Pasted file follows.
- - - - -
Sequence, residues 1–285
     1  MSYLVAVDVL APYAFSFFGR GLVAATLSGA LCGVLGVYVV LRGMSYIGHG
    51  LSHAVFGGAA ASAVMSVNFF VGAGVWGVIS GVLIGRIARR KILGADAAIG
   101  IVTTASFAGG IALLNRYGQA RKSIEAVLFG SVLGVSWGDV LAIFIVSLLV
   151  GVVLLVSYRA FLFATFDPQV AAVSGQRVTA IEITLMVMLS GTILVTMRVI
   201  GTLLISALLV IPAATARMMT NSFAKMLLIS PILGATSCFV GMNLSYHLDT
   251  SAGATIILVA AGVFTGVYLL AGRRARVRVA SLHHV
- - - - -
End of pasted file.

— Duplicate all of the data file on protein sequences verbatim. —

Sequence, residues 1–285
     1  MSYLVAVDVL APYAFSFFGR GLVAATLSGA LCGVLGVYVV LRGMSYIGHG
    51  LSHAVFGGAA ASAVMSVNFF VGAGVWGVIS GVLIGRIARR KILGADAAIG
   101  IVTTASFAGG IALLNRYGQA RKSIEAVLFG SVLGVSWGDV LAIFIVSLLV
   151  GVVLLVSYRA FLFATFDPQV AAVSGQRVTA IEITLMVMLS GTILVTMRVI
   201  GTLLISALLV IPAATARMMT NSFAKMLLIS PILGATSCFV GMNLSYHLDT
   251  SAGATIILVA AGVFTGVYLL AGRRARVRVA SLHHV